Symmetry Therapeutic Massage Spa sprang from the dream of two friends and fellow massage therapists who sought to demonstrate that massage could be used to better physical health. They started small, with a one-room office behind a Pilates studio. Soon, however, they found themselves juggling more appointments than they could handle. Just two years later, they moved into a sprawling new sports-partnered studio, creating a new source of relief for athletes whose massages previously consisted of lying in the middle of the turf during a game.
Today, Symmetry's founding pair leads 30 other licensed therapists, each with her own unique background and specialty. These practitioners treat clients with more than a dozen massage modalities, including neuromuscular massage, which relies on static pressure to relieve area-specific pain, and Thai Yoga. Services such as soothing steam therapy and invigorating dry body-brushing augment the offerings.
During the studio's semi-private workshops, including couples' workshops, the therapists teach clients how to perform their massage techniques at home. This allows clients to connect with their partners during couples massages whenever they have some private time at home or a long wait in a grocery-store line together.
Master photographer Trey Allen boasts a resumé of national awards and the experience of snapping shutters for nearly 30 years. He brings that expertise to portrait sessions that frame subjects with copiously colored and styled studio backgrounds or five acres of gardens, wildflower fields, and stone patios along the Little Arkansas River—though he can also travel to a more personally significant destination, such as the site where a couple shared their first meatball sub. Trey readies subjects for each shoot with extensive online tips for session preparation, and reveals the fruits of each shoot at a proofing session as early as the next day. From there, patrons determine which shots are worthy of graduating to one of Trey's prints or digital-image CDs prepped in-studio by his highly knowledgeable staff within a month after the shoot.
The largest newspaper in the state of Kansas, The Wichita Eagle takes a civic-minded approach to journalism, covering stories that affect the local community and world at large. Readers throughout the state turn to the daily and Sunday pages of The Eagle for agribusiness and aviation industry news, local and national political coverage, lifestyle and entertainment tips, and sober, thoughtful opinion pieces. The Wichita Eagle also provides readers with up-to-the-minute news updates and courtroom bloopers through Kansas.com, its network of ever-expanding digital content and live reporting. Tracing its history back to 1872, The Eagle sharpened its news-gathering chops through an impassioned 88-year rivalry with the Beacon, a competing local paper. The competition ended only after The Eagle purchased the Beacon in 1960, thereby consuming its powers.
A proud member of the Professional Photographers of America, shutterbug Christopher Clark captures memorable images of families and high-school seniors. Families and their pets gladly grin in unison for portraits worthy of any wall, holiday card, or Wanted poster. Clark shows up for sittings at the locale of choice or snaps portraits in the cozy confines of his studio. A pre-portrait phone consultation ensures the photographer's expert staging skills bring out the best side of every two- or- four-legged member of the family. Portraits sized for wallets and frames commemorate shoots' success alongside linen-embossed pictorial depictions mounted on sturdy art board and ready to be framed and hung above the mantel.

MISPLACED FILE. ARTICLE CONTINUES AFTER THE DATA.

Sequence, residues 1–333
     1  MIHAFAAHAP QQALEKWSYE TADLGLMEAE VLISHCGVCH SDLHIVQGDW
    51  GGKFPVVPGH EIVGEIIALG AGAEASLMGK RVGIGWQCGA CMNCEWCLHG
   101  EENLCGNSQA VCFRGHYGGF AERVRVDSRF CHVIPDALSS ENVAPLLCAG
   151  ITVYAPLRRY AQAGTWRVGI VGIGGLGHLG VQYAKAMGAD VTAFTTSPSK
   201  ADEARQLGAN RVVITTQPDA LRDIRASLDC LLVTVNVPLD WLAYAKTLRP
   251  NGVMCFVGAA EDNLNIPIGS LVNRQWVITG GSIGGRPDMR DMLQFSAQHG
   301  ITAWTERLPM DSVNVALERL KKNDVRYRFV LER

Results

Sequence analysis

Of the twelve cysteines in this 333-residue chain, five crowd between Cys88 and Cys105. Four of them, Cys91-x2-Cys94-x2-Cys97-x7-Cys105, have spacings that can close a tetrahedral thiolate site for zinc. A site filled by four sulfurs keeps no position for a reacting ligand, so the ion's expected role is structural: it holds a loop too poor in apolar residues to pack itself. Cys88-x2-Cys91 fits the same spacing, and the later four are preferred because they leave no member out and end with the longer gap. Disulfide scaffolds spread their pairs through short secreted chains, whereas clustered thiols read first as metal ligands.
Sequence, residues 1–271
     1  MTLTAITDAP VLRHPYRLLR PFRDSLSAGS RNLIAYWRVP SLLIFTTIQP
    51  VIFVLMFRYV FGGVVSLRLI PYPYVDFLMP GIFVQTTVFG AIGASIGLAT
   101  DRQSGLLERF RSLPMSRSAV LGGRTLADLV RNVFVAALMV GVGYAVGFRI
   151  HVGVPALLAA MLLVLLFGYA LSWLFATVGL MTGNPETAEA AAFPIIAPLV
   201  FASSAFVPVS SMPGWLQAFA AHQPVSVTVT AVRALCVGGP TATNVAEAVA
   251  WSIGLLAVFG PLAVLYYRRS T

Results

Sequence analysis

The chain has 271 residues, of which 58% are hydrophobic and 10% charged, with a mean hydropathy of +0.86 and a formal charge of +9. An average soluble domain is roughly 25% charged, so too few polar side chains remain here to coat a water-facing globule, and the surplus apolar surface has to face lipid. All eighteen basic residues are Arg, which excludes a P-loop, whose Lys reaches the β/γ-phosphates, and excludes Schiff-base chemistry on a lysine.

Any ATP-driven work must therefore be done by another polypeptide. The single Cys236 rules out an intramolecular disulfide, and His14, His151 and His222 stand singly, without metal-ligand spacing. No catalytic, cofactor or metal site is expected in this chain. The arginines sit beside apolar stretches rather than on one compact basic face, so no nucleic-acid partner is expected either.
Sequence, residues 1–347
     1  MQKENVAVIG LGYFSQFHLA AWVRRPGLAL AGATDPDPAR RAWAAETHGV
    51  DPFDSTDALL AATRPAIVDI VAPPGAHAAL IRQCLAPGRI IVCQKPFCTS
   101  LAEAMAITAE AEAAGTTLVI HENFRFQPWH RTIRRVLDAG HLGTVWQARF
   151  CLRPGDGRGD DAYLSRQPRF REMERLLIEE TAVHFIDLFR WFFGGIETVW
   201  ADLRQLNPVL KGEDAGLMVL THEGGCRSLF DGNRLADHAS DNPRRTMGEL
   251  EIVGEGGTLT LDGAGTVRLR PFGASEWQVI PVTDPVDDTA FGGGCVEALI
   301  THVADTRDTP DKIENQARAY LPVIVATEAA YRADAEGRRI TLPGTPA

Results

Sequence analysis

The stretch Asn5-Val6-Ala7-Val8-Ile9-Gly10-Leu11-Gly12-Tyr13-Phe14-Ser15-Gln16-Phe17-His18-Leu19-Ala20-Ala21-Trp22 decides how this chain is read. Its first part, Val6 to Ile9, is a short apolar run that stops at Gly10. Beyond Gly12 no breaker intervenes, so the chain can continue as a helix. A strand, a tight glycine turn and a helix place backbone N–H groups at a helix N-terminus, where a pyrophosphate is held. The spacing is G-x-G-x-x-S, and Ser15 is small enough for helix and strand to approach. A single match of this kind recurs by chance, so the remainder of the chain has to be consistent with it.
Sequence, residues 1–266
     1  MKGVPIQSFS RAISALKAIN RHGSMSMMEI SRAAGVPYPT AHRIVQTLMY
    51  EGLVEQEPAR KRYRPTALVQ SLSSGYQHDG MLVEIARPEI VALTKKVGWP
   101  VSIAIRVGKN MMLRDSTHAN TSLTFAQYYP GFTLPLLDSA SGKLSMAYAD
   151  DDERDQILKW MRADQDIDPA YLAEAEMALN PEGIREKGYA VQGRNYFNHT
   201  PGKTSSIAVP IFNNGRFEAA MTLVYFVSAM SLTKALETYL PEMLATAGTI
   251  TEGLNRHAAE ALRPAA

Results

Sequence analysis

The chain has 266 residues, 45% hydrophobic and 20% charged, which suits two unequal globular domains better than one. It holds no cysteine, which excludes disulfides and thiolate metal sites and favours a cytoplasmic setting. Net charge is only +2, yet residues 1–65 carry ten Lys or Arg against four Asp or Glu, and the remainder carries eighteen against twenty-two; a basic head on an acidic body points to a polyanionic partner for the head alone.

Although Shawn Strickland is a certified trainer with a masters of education in exercise science, it didn't take a genius to see the benefits of smaller workout groups. Rather than leading large boot-camp classes where some students can fall behind, mishear instructions, or simply feel isolated, he has designed his boot camps for groups of no more than five at a time. This way, he can afford to guide clients through more intricate training regimens, employing kettle bells, resistance bands, and floor routines while observing the correct form and progress of each individual.
The first order of business for Cross Fit Wichita's trainers is to get everyone on a first-name basis; it's commonplace for trainers to encourage a round of handshakes before they read off the day's workout. Community plays a central role in the gym's CrossFit and boot-camp programs, which explains why all new CrossFit members typically begin with On Ramp. This program teaches CrossFit's core movements, such as squats and presses, so clients feel comfortable entering the group WOD classes, also known as the Workout of the Day. These daily-changing workouts favor a dynamic, nonspecialized approach to build all three of the body's metabolic pathways, from the phosphagen pathway that powers high-effort, short-duration activities to the oxidative pathway that drives lower-effort, sustained activity such as distance running and rowing.
This approach also develops CrossFit's 10 recognized physical skills—such as cardiovascular endurance, strength, and agility—that serve as measures of overall fitness. Trainers keep a close eye on every member, adjusting exercises to easier or more challenging versions. This helps clients stay on track to meet their fitness goals, whether they're focused on losing weight, building muscle, or tearing through a T-shirt with a single flex. To further cater their services to clients, trainers never hold them to long-term contracts, and the gym’s warehouse-like setting and low-tech equipment—squat cages, rowing machines, and platforms for box jumps—prevent the pretension that sometimes comes with commercial gyms.